IN THE FIRST 100 pages of Revolt of the Haves, Robert Kuttner tells the entertaining tale of the passage of Proposition 13, the California initiative that cut the state's property taxes by $6 billion. In the next 250 pages, however, he tells readers a lot more than they'd ever want to know about taxes -- in Michigan, Idaho and other arcane points of the compass.
Kuttner's problem is that he has to go far afield to prove a thesis that's probably impossible to prove: That the California tax revolt was not a right-wing protest against high government spending, but a left-wing protest against an unfair tax system -- one that put a heavy burden on homeowners and a light one on business.
There is no doubt about the facts in the case: Two years ago, California voters passed Proposition 13 in a landslide. The next year, 22 states cut property taxes, 15 cut sales taxes, and 12 repealed or reduced other taxes. Both Jimmy Carter and Ronald Reagan promised to cut fedeal taxes. Tax cut fever is epidemic in the land.
But what does it mean? Kuttner argues "that the taxpayer revolt of the late 1970s was not primarily a protest against the rising cost and size of government." The level of taxation as a percentage of output didn't change during the '70s, he claims. "Rather, the tax revolt was a quite valid reaction against inequities in the tax systems, exacerbated by broader economic distress."
In other words, property-owners in California weren't revolting against too much taxing and spending in general, but against too much taxing on them in particular. And, even though Kuttner calls his book Revolt of the Haves, he says that the shock troops of the revolution were moderate-income homeowners, the values of whose houses were pushed up enormously by inflation. (He points out that Proposition 13 had more support among voters with incomes between $8,000 and $25,000 than among those with incomes over $25,000.) In 1966, for instance, a Los Angeles home was assessed at $22,800 and the owner paid a tax of $535; by 1975, the same house was valued at $54,700 and the tax was $1,800; in 1978, the assessment was $90,800 and the tax $3,130.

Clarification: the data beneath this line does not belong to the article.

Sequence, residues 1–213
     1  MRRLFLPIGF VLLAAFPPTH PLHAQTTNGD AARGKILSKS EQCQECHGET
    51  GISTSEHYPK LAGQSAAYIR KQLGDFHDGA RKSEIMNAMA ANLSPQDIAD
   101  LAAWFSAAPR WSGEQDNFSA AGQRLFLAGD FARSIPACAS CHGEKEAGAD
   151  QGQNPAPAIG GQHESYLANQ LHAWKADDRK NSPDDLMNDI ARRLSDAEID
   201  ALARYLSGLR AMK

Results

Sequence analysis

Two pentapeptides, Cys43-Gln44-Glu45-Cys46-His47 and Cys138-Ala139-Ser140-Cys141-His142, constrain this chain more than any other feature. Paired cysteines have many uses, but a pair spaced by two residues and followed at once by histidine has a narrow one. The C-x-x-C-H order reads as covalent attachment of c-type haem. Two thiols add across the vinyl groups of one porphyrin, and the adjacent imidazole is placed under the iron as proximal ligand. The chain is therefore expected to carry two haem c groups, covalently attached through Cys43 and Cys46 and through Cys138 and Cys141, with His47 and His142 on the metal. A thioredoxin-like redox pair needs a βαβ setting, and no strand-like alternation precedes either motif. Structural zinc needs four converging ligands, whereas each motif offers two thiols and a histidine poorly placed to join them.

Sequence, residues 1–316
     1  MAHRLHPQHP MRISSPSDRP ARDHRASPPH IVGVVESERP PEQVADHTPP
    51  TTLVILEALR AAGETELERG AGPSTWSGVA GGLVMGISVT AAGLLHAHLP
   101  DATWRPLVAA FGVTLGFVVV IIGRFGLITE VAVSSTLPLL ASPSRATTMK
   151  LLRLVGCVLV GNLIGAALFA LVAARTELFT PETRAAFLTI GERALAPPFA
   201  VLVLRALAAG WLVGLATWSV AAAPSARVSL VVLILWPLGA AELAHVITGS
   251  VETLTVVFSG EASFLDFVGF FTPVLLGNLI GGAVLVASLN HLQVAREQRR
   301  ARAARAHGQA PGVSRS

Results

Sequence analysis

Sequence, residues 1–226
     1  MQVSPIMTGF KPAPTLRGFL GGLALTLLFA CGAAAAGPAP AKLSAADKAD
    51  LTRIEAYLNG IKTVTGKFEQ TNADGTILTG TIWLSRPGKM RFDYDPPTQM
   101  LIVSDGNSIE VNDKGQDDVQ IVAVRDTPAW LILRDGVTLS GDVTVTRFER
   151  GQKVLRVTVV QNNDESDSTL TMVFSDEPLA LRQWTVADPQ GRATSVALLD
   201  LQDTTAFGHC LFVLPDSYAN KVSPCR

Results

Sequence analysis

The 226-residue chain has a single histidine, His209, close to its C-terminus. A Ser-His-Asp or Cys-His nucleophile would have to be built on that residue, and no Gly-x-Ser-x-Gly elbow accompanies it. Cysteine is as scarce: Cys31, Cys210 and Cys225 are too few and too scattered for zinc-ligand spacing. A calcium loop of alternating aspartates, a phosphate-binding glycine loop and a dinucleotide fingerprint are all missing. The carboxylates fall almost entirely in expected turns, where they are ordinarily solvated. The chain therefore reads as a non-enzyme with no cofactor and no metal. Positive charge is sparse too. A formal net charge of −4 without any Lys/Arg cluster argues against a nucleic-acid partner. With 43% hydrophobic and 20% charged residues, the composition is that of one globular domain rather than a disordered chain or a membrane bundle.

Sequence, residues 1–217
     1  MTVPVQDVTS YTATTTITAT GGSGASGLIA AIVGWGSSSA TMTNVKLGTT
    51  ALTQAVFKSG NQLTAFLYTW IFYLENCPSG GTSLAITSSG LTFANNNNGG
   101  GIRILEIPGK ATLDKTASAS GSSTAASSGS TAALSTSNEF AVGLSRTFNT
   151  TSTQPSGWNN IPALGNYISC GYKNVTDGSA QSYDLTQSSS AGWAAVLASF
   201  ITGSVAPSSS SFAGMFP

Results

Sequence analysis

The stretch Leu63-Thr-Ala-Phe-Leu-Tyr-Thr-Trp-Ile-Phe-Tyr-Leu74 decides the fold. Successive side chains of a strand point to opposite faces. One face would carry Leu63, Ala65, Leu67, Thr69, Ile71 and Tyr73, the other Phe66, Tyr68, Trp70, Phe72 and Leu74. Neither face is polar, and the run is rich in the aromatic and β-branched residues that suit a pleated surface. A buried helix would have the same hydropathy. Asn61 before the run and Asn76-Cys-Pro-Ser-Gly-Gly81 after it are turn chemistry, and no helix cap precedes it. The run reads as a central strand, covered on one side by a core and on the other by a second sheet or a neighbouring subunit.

Kuttner's contention is that homeowners presumably wouldn't mind their taxes soaring if everyone else's taxes soared as much. But, he says, during the '70s California taxes were made relatively lighter for business: of the total tax bill, homeowners bore "34 percent in 1974-75 . . . nearly 45 percent by the time of the vote on Proposition 13." Thus, the revolt against the unfair system.
The problem with this thesis is that Proposition 13 actually lowered business taxes more than it lowered homeowner taxes: "The biggest windfall of all went to corporate property owners. . . . Pacific Telephone and Telegraph saved $130 million in property taxes; Pacific Gas and Electric, $91 million; Southern Pacific Railroad, $12 million."
Whether this felicitous result for the barons of industry was by design or dumb luck, Kuttner doesn't say. He does say that the rich lode of tax protest was mined by conservatives, led by a truly loony but endearing right-winger, Howard Jarvis, "a homey, unpretentious figure, combining the folk wisdom of a Grandpa Walton and the universal orneriness of a W. C. Fields." But Kuttner believes that the lode could just as easily have been worked by liberals, and he cites the success of a left-wing anti-tax organization in Massachusetts, Fair Share, led by Michael Ansara, "a veteran of the early Students for a Democratic Society, who took seriously the S.D.S. gospel to go out and build grass-roots advocacy organizations in blue-collar communities."
This book is more than revisionist economic history. It is a call to arms for liberals to lead the tax revolt. "Today, you can't put together a majority coalition around the idea that inequities should be addressed by bigger and more costly federal programs. But neither will cutbacks in social programs solve the inequities of the tax system." Kuttner's answer: Hold the line on social programs and change the tax system so that rich people and corporations pay more, and everyone else less.
This is an answer with which I don't happen to agree, but Kuttner, a former Washington Post reporter and Senate Banking Committee investigator who now edits the magazine Working Papers, presents his case lucidly (though at too great a length). At a time when new thinking in tax policy is dominated by articulate conservatives like Irving Kristol and Jude Wanniski, it's good to have solid representation from the other side.
By contrast, Robert C. Yeager's brief, glib book, Losing It, makes almost no case at all -- except that the middle class is being hurt by inflation. "Ken Osgrove makes $30,000 a year but never has any money," writes Yeager. So what else is new?
Yeager is at great pains to describe what is going on -- how much theater tickets cost today vs. 10 years ago, how to define "middle class," etc. Like Kuttner, he dwells on the tax rebellion, but he calls it "a revolt of the right and middle-right against big government." There's a second revolt, too: "of the left and middle-left against corporations."
Yeager parades his clip file but adds little to our understanding of why the middle class is beleaguered or how America could survive without the bourgeoisie.